Abrantes or Dunbar—Who’s the Best?

Abrantes and Dunbar in San Francisco in 2005

The other day after a seminar, an attendee came to join me at the pool table. I have a habit of selecting the bar with the most decent pool table as my after hours office wherever I happen to give a seminar. I invite the attendees to join me there in the evening, assuring them that they will be most welcome to ask me any question they like; and indeed they do, they approach the pool table, drink in one hand and pool cue in the other; and fire away.

Balls racked up, I took the break, didn’t pocket any balls, didn’t scratch and passed the game to my opponent, a local, female dog trainer in her late twenties. She took a shot and missed. Then, she looked at me with a radiant, slightly coquettish smile.

“Is it now that I can ask you any question I like?” she enquired teasingly.

“Yes, it is, but please do it before or after I take my shot,” I replied, stressing the words before and after.

“Ok then,” she said. I could see her formulating the question in her mind before the actual words materialized. “Your approach to training is so different to Ian Dunbar’s,” she said finally with a slightly furrowed brow.

It was my turn to smile, “That’s not a question, that’s a statement,” I said jokingly while I chalked the tip of my cue. “Really?” I added slightly theatrically.

“Yes,” she continued eagerly,“ I’ve just been to one of his seminars. What do you think?”

“Equal or different?” I asked rhetorically, “I don’t know, I have never thought of it that way. I don’t know exactly how Ian trains particular skills, but I’m sure it’s good.”

“Interesting!” she exclaimed slowly, syllable by syllable, “How can you say so emphatically that it is good and yet admit you don’t know exactly what it is? Didn’t you recommend as recently as this afternoon that we question everything and never rely on authorities just because they are so? You called that authority bias, didn’t you?”

“Yes, I did, but I’m not committing authority bias by believing that what Ian does is right, just because it is Ian. I question all authorities, including and mainly myself when I’m supposed to be one,” and I approached her as if I were going to tell her a trade secret.

“In this case, I’m relying on the WHATFOR principle,” I said with an enigmatic air.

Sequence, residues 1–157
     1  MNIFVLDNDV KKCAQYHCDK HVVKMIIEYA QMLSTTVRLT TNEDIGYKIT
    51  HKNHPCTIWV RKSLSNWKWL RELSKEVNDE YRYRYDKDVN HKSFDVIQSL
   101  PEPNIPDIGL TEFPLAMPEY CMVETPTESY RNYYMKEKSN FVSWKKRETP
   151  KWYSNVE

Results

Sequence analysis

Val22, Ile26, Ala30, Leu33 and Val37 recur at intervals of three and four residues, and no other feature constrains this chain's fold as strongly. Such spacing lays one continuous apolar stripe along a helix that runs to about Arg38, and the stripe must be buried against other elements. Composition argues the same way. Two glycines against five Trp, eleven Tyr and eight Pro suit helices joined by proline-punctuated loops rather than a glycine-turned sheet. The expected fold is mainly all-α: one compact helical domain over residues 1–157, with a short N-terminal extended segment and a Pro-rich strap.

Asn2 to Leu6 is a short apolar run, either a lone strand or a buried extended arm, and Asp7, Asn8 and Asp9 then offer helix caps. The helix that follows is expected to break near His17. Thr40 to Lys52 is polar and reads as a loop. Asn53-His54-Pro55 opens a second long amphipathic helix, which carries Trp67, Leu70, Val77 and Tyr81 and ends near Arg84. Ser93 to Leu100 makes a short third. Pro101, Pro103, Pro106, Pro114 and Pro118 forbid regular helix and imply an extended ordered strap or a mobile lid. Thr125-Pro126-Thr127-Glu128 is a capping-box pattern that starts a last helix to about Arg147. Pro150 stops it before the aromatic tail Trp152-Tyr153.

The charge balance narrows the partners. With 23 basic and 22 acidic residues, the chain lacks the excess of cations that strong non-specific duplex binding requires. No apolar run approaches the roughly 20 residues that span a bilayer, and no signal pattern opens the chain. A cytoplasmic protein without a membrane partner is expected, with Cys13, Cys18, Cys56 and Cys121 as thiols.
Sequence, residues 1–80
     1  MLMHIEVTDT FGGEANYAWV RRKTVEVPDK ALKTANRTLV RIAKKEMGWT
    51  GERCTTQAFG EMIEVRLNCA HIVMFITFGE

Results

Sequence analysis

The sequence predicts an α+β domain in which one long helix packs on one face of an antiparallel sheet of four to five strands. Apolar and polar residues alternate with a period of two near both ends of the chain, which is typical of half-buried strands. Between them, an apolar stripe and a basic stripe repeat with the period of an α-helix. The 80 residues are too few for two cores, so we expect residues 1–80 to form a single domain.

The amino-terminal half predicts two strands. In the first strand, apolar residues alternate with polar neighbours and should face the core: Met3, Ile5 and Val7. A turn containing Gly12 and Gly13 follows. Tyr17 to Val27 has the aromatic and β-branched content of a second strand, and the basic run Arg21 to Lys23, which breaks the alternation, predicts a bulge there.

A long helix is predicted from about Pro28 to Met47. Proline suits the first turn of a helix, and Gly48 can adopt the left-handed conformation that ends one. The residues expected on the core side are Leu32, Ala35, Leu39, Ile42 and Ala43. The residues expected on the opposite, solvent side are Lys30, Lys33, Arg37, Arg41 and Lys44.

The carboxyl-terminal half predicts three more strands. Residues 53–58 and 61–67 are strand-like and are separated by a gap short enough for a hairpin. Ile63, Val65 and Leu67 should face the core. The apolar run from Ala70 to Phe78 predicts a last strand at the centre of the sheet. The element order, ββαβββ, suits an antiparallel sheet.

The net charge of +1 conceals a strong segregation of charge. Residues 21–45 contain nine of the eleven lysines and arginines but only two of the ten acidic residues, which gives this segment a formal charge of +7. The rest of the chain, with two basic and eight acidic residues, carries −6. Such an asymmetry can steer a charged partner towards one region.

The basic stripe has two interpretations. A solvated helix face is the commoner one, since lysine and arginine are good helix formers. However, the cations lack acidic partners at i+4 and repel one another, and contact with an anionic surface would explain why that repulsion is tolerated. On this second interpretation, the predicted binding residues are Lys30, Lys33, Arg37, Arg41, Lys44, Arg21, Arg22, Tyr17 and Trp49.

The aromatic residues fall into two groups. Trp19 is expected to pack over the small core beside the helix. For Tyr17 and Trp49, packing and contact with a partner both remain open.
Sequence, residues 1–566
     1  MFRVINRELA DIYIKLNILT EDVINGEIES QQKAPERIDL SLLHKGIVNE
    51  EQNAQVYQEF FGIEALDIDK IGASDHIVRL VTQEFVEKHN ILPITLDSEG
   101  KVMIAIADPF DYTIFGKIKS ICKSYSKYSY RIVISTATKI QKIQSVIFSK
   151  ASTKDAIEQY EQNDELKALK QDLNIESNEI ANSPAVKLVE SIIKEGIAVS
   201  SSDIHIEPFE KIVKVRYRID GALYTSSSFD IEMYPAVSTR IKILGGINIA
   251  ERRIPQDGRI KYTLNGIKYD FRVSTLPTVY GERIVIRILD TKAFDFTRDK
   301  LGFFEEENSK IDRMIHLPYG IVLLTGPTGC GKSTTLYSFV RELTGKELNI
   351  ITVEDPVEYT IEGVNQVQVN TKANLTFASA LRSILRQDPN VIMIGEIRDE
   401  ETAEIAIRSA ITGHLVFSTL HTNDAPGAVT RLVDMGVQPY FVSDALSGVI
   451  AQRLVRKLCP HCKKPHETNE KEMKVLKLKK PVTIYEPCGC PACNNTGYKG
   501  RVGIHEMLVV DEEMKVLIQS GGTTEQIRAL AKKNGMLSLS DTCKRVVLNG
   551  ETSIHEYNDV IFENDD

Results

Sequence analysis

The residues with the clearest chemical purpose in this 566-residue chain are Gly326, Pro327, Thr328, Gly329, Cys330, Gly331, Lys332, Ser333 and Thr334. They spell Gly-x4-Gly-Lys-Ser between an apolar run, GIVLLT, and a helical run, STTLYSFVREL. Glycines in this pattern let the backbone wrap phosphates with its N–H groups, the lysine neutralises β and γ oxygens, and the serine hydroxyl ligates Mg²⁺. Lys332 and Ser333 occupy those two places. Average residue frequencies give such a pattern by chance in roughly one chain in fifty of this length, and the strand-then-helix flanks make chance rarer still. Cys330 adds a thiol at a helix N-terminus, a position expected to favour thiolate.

“The WHATFOR principle?” she asked with a furrowed brow.

“Yes, the ‘Wise, Honorable And Trustworthy Friend’s Own Record,” I explain. Since I don’t have the time to check everything for my self, I select a few people, very few, who I trust and know well to do it for me, so to speak. I know Ian’s record. I’ve known him since we were young and hopeful, I know what his principles are and I know his integrity. That’s why, not because he’s an authority. I can do that, but you can’t. You can’t just accept what Ian or I tell you without questioning it because you don’t know us that well. It would be too risky for you to do so.”

“Okay,” she said pensively, in two very distinct syllables, fidgeting with the cue and chalk. “And that is enough?”

“That’s more than enough for me; and, by the way, we do question ourselves and one another,” I replied. “Of course, you’ll find similarities and differences between us. There will always be similarities and differences. We are not the same person even though we think alike in many respects. We are similar enough to understand one another and work together toward a common goal; and reasonably different to be able to inspire one another with new ideas. That’s the most important thing I think, but making comparisons doesn’t get us anywhere. I don’t think there is one single better or best way. That depends on the user. Some will find one way better, others the other. Of course Ian and I are different. In the end, no two trainers do the same thing the same way, not even our twin brothers would.”

“Oh, you both have twin brothers!” she exclaimed, all thrilled and wide eyed.